Driving in Greece

This morning I played around with an article I had written some time ago called “Greek Rules of the Road”.  It was meant to be a humorous piece, flippant even; in it I postulated what the laws would sound like were they composed to reflect the way Greeks actually drive.  When I was done I asked my wife to have a look at it; as one driver to another, I thought she’d get a kick out of it.  Instead, she didn’t like it.  It was exaggerated, she said.  She insisted that things were improving, that it wasn’t that bad anymore.

I didn’t understand her reaction, and I pondered it for a long time.  I respect her too much to simply dismiss her opinion, so I wondered how I could have so misjudged what it would be.

The answer, I think, is in the comparison.  She is comparing what it was like to drive in Greece a decade or so ago, and what it is like now.  I am comparing what it is like to drive in Greece with what it is like to drive in the United States.

Here it is common for drivers to go twenty, thirty, or forty kilometers per hour over the speed limit and think nothing of it.  Nobody else around will think anything of it either.  Sometimes when I am hugging the speed limit cars or motorcycles pass me as if I am standing still.  I have never seen the police give chase in such an instance; were they to do so that is all they would have time to do, at least until people got the point.  Here it is common, not everywhere but at certain less-traveled intersections, to run through red lights if one can see that no one is coming from any other direction, or to not bother to slow down at stop signs if the way seems to be clear.  In the village where we used to live there are some one-way streets that drivers routinely ignore and drive up the opposite way; if you honk at them they will either ignore you, think you daft, or gesture at you obscenely.  It is a common tactic on the highways for speeding vehicles to signal their intent to pass and desire for you to pull over by coming up behind as if they intend to ram you, wildly blinking their lights; this they will do even if you yourself are already going the speed limit or beyond.  Another common tendency is that many drivers, if you with a turn signal indicate your intention to move into the left lane to pass the slow-moving car in front of you, will step on the accelerator and speed up so that they can get ahead of you first before you make your move.

These habits, which are so second nature here that people don’t even give them a thought, would be appalling to US drivers.  It wouldn’t be long before the perpetrators of such deeds lost their licenses and faced huge fines.  But here, there is no basis for comparison.  Yes, I might admit that things have gotten slightly better than they were ten or fifteen years ago, but then again, things go in cycles.  I remember several years back, for a week or so, police were stopping motorcycle riders everywhere for not having helmets – and fining them too, I heard.  Now they drive with or without helmets with impunity, according to taste.  True, a few more might wear helmets than used to do so in the past, but then again, many do not, and they are not called to task for it.  I have heard of the odd occasion when the police stopped drivers for infractions and fined them; but, as I say, it was the exception – so unusual as to become a topic of conversation.  Usually when police set up checkpoints they are looking for illegal immigrants, or for vehicles without proper papers.  A year or two ago signs appeared everywhere on the highways warning that speeds were being checked by radar; I have yet to hear of anyone brought to task for an infraction, or to see anyone slow down because of the signs.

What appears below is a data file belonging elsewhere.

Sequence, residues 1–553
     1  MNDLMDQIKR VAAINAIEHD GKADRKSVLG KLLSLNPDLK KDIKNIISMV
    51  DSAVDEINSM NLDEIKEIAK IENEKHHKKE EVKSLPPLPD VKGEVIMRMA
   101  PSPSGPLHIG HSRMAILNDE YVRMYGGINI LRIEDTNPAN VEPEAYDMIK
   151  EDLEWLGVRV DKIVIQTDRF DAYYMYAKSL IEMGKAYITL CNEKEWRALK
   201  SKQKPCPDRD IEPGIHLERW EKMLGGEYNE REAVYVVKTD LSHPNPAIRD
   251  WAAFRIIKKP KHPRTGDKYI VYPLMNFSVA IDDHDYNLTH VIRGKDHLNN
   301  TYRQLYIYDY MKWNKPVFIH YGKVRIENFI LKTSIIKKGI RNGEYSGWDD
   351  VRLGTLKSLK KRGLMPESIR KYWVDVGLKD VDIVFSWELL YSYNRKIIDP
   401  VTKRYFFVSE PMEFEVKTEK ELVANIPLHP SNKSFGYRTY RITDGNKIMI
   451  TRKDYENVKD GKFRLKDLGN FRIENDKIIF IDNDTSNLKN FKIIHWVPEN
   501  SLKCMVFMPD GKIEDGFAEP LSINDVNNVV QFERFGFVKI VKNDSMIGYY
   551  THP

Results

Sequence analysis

Having said all this, however, I must add that it is not too difficult to navigate Greek roads.  One adjusts; one goes with the flow, gets used to doing what the other drivers are doing.  By this I don’t mean flagrantly breaking the law as the worst of the offenders do; no, I mean carrying on about one’s business and avoiding the frequent nut-cases on the roads.

This also brings to mind what I have noticed as both good and bad points of Greek character.  Greeks can be friendly, magnanimous, helpful, willing to bend rules for friends, neighbors, relatives, and other acquaintances, loving freedom more than rules and restrictions; however, they can also be stubborn, irascible, feisty, and bull-headed.  Both their good and bad traits manifest themselves on the road.

Americans though, for all their love of freedom, are much quicker to obey rules, to stand in a straight line and wait their turn, to accept whatever correction authority might deem proper to give.

I believe that part of this tendency among Greeks to take rules lightly stems from the fact that many, at least here in Thessaloniki, just in the last generation, have moved here from villages.  In the villages it is standard practice to bend rules; after all, everyone knows everyone and can predict what they will do and when they will do it.  If you see your friend by the roadside you stop your car, double- or triple-parked if need be, or even right out in the middle of the road, and have a chat.  If other vehicles come along and want to pass, you leisurely conclude your conversation and then get out of the way.  I have seen this in the villages in which we live, even up to the present, with a fair amount of frequency.  It works fine when you are only dealing with a few thousand inhabitants.  But when such an attitude is transferred to a city of a million people, it doesn’t work so well anymore.  Adjustments need to be made.  And they will be, eventually.  In the meantime, one copes as best one can.

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